The Royal Spanish Academy is lopping two letters off the Spanish alphabet, reducing it to 27.

Out go “ch” and “ll,” along with lots of annoying accents and hyphens.

The simplified spelling from the academy, a musty Madrid institution that is the chief arbiter of all things grammatical, should be welcome news to the world’s 450 million Spanish-speakers, not to mention anybody struggling to learn the language.

But no. Everyone, it seems, has a bone to pick with the academy — starting with President Hugo Chávez of Venezuela.

If the academy no longer considers “ch” a separate letter, Mr. Chávez chortled to his cabinet, then he would henceforth be known simply as “Ávez.” (In fact, his name will stay the same, though his place in the alphabetic order will change, because “ch” used to be the letter after “c.”)

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Tiggy does an infix

I think perhaps the most delicious name I have ever encountered on a real human being, certainly on anyone moderately well known, is Tiggy Legge-Bourke. I don't know why I find it so deliciously silly, but I do. Tiggy was back in the news the other day because she had a reaction to the recently announced royal wedding of Prince William and Kate Middleton — a much less sour and disloyal one than that of the Mad Bishop), and more newsworthy than most people's, because Tiggy used to be Prince William's nanny. (For a long time the newspapers had tried to establish that she had been Prince Charles's lover as well, but that never came to anything.) Tiggy's comment on the news of the nuptials was: "fan-flaming-tastic".

That kind of infixing of an expletive in the middle of what is quite clearly a single morpheme is well known to linguists, and has some intrinsic interest, but one doesn't see it that often in the newspapers, so I cherished this instance. Coming in a story mentioning Tiggy Legge-Bourke, it was (for me) a small extravaganza of linguistic pleasures.

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Thanksgiving weekend quiz

Among the many things that we have to be thankful for is the interesting new web app that generated this fascinating list.  Two questions: (easy) what is the app? and (hard) what input resulted in this output?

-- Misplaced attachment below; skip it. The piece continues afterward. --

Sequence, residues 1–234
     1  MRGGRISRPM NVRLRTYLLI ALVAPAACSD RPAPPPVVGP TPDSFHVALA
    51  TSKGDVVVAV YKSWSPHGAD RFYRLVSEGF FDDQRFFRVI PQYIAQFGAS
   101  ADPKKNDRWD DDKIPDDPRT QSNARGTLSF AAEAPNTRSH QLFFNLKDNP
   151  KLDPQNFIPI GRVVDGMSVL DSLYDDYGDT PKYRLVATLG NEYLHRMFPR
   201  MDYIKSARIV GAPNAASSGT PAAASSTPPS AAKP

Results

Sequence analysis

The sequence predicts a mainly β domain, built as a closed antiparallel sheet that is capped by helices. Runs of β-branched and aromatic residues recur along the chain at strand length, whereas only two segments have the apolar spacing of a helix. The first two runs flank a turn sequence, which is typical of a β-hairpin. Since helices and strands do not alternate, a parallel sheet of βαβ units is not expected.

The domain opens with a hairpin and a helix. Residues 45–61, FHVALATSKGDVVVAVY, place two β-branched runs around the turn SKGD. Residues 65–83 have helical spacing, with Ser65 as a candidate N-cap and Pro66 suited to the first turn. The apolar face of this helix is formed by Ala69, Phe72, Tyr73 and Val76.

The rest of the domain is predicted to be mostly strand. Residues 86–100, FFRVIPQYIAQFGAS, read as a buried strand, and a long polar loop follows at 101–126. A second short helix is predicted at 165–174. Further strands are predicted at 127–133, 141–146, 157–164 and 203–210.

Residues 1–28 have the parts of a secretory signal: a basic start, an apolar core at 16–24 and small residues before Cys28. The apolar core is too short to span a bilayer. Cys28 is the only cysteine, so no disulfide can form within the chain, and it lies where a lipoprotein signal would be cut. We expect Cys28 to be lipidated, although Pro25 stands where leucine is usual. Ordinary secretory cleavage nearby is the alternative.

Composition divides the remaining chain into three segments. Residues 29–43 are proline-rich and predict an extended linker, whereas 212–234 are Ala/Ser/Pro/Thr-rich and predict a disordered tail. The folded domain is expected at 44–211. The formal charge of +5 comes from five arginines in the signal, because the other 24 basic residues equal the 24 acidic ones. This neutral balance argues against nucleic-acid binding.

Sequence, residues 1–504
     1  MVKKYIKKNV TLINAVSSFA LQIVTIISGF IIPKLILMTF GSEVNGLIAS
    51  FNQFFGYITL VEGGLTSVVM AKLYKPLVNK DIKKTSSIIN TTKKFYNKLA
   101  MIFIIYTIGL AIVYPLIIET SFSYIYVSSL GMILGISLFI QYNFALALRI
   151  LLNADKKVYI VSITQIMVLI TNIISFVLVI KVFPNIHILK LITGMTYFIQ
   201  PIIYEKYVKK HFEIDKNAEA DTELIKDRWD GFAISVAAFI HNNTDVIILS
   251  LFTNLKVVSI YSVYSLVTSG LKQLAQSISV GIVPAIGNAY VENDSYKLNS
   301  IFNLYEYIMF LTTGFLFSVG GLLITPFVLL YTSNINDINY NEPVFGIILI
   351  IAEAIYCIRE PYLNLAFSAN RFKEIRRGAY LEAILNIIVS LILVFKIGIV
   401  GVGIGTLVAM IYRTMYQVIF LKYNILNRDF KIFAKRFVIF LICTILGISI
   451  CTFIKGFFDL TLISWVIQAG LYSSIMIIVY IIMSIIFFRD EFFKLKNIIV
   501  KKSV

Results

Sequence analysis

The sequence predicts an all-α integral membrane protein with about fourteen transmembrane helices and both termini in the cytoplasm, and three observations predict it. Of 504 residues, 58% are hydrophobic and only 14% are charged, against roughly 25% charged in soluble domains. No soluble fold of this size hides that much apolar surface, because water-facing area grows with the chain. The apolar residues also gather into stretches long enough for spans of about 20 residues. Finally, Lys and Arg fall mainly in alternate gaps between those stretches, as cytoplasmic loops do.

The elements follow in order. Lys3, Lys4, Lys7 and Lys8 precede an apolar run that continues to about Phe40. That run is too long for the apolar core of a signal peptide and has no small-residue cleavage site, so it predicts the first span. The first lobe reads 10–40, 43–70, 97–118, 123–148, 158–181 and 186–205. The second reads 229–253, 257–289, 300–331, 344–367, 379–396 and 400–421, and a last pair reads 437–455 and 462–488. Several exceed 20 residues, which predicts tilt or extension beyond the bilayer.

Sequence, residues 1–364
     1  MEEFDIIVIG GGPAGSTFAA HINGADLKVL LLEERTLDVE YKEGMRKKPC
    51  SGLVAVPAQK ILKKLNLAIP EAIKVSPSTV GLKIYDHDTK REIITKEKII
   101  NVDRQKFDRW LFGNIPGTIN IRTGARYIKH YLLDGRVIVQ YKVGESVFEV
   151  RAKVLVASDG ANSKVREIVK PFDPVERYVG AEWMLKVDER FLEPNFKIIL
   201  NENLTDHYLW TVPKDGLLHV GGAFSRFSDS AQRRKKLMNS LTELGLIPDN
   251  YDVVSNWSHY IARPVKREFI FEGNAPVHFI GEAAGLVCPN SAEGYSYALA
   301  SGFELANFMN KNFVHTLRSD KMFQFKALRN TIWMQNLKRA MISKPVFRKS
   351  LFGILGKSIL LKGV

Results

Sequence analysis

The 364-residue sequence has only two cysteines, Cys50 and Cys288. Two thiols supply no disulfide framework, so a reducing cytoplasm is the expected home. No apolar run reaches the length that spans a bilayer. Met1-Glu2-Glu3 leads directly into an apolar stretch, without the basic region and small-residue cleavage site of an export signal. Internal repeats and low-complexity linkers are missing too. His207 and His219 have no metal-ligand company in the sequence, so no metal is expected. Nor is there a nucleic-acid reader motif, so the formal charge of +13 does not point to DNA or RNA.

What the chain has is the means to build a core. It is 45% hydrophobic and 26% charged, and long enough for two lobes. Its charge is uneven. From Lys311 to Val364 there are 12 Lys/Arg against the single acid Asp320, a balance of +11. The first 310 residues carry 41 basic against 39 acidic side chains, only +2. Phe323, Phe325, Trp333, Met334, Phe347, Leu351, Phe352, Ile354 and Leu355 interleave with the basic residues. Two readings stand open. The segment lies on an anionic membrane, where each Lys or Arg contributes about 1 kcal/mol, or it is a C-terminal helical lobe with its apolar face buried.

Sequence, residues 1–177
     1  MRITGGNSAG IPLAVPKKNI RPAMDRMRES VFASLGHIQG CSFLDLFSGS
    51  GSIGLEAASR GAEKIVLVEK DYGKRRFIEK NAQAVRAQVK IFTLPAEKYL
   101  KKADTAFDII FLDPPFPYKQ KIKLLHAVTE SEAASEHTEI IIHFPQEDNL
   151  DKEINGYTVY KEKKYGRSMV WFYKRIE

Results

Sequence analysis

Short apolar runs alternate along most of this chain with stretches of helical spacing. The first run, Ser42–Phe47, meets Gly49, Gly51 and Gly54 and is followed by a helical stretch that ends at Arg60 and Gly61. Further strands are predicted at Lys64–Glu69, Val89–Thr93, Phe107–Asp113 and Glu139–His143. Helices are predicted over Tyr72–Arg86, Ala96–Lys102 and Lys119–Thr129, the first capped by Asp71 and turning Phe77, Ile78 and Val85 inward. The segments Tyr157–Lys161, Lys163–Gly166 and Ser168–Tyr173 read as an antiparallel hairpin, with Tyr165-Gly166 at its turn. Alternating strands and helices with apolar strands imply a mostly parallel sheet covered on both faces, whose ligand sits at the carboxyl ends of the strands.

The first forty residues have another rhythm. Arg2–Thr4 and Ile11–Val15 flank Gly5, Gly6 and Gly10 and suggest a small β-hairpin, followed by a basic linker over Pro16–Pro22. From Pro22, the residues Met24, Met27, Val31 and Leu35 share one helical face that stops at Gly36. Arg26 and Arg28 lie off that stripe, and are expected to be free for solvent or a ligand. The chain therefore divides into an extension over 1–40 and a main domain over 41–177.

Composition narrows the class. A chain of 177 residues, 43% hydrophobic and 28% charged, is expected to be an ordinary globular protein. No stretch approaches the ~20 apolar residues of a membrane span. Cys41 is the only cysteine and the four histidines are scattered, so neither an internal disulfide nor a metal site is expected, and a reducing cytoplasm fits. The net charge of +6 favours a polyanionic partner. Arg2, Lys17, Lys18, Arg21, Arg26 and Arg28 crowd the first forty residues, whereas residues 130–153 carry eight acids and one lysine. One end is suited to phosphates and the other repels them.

In case that one's too easy, here's another.

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Political shenanigans with word counts

How to count words is sometimes an issue for people like writers and translators, but it is rarely if ever a political issue. It is now, in British Columbia.

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The diplomat, the bishop, the bomber, and the fruit bat

What speech acts are permitted under the various restrictive laws current in the British Isles, and what penalties accrue to people who step outside the bounds laid down by the law? As I have often mentioned here before, the UK has no real constitutional guarantee of free speech, so a lot of things that any American would take to be unquestionably expressible turn out to bring down fines or imprisonment if you say them in the UK. But since all the cases have hidden complexities, and the issue strikes me as important, and I am currently the only Language Log correspondent in the British Isles, I thought I would give you an update. I will deal with four cases: the Ranting Diplomat, the Mad Bishop, the Robin Hood Airport Twitter Bomber, and (perhaps the strangest of them all, a story from Ireland): Fruit Bat Fellatiogate.

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From Mark Twain's autobiography

Like half of the U.S., I've been reading the first volume of Mark Twain's recently-published autobiography. I'm sure that there's some sociolinguistics in it somewhere, but for now you'll have to be content with this rumination about discourse structure, which I present to you just in case you're in the half that hasn't bought the book yet:

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Your brain on ___?

A couple of days ago, the New York Times published another in its Your Brain on Computers series, which "examine(s) how a deluge of data can affect the way people think and behave". The latest installment is Matt Richtel's "Growing Up Digital, Wired for Distraction", 11/21/2010:

Students have always faced distractions and time-wasters. But computers and cellphones, and the constant stream of stimuli they offer, pose a profound new challenge to focusing and learning.

Researchers say the lure of these technologies, while it affects adults too, is particularly powerful for young people. The risk, they say, is that developing brains can become more easily habituated than adult brains to constantly switching tasks — and less able to sustain attention.